The Champs Catering Services boss noted that their charges depend on what the client wants. “Some clients will come and tell you what they want and you have to go down to their level, especially when you are just starting out. There are certain jobs an already well known caterer will not take that you as a beginner, will take. You charge according to the client’s level.”

Speaking on the challenges, Mrs Abon stated that there are three major areas in the catering business each with its own challenges.“The three major areas in catering are shopping, cooking and serving. The most difficult is the serving aspect. When you cook, you take to the venue of the event to serve the guests and for them to appreciate the food, it must get to them on time. I have been to parties where you see people carrying plates about, searching for food. So even if the food is great, for the fact that you did not get it to the venue on time, you’ve missed it. To me, the most difficult aspect is service at the event’s venue. Your getting to the venue on time and ensuring that guests get food on time are very important. Traffic is unpredictable in a city like Lagos so you may get stuck in traffic. A place that will usually take you 30 minutes may take you three hours because of traffic. The client will not take it lightly as you will be seen as a failure. Another challenge is changes in prices of goods. For instance, some people may want to wed in July and decide to pay you in February. You’ve billed them and they’ve paid you and then in July, you discover that prices of food items had gone up from what you budgeted and as far as the client is concerned, that is your problem. Jobs I did immediately after the elections, I had collected the money before the elections and since the elections ended, prices had gone up. A carton of chicken that was sold for N4, 800 now costs N6,500. So I had to bear the loss.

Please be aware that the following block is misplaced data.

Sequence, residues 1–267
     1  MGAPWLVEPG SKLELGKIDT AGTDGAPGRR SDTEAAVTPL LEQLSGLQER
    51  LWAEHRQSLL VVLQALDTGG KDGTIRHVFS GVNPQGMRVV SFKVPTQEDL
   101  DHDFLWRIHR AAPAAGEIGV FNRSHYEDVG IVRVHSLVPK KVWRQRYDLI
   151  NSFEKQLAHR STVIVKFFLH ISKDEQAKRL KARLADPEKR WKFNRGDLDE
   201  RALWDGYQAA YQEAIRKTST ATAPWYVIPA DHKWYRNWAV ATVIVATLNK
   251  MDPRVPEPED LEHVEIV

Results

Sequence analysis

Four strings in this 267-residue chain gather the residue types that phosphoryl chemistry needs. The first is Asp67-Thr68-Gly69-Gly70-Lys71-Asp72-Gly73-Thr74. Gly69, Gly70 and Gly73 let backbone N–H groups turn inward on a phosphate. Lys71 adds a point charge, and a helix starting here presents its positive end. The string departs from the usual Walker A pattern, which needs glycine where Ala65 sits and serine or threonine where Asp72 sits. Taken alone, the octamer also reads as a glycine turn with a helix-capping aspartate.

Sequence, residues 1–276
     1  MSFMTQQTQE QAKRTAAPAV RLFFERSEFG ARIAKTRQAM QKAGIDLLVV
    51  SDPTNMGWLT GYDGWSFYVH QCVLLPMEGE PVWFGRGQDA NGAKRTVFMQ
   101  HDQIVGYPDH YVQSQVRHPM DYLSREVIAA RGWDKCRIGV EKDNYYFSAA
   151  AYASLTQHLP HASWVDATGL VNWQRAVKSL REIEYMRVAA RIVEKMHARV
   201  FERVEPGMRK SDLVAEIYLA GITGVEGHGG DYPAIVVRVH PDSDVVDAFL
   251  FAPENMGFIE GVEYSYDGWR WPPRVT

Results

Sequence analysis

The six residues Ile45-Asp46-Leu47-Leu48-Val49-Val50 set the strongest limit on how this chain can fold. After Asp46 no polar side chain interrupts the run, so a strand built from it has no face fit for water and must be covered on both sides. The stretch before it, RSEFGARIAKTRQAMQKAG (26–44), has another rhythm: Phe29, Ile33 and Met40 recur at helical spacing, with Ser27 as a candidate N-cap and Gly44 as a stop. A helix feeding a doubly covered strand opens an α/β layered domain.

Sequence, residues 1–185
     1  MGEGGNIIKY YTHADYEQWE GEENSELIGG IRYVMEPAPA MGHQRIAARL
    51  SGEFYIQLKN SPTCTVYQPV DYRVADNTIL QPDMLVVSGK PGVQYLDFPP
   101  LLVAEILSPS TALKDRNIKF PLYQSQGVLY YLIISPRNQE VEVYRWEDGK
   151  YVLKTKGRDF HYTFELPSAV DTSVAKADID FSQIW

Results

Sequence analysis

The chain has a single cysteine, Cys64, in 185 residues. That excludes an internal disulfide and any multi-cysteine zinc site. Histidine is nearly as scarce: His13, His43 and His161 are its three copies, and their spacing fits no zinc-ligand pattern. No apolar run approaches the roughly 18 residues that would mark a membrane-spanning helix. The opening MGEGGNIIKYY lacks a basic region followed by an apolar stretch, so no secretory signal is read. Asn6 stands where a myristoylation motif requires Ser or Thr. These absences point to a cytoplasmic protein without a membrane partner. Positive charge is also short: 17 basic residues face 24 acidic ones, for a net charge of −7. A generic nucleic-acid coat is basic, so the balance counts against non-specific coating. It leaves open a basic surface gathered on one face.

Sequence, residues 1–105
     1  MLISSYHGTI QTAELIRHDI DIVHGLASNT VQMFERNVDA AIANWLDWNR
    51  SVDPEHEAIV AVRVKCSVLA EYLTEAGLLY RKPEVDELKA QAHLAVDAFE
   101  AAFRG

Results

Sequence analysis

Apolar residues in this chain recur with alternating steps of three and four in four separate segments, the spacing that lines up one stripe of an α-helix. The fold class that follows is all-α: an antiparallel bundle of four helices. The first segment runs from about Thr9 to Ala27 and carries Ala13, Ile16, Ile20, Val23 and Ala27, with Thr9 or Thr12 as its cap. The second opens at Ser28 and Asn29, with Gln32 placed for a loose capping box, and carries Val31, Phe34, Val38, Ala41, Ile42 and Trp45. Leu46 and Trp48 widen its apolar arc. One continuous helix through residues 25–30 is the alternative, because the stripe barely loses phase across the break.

Some people believe in name in this business. So if you have made your name, any amount you charge a client, he will pay but if you are just coming up and not yet known, people will still believe you are not good enough. This doesn’t encourage upcoming caterers,” she said.

She named electricity as another challenge. “The business needs constant electricity supply. The deep freezers need to be run 24/7 so when there is no light, we run them on generator and that depletes our profit. The Nigerian system does not encourage young people in business when it comes to electricity issue,” she said, appealing to the government to tackle the electricity issue as quickly as possible. “You cannot really establish anything without electricity. I had to buy a bigger generator to be able to power three deep freezers at once.”

Speaking on how she gets her clients, she said: “Mostly by word of mouth. Those that know me tell others. My friends introduce me to people they know. Then, people that had attended a party, meeting or a board meeting where I was the caterer, ask who made the food and I get introduced that way.


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Comments expressed here do not reflect the opinions of vanguard newspapers or any employee thereof.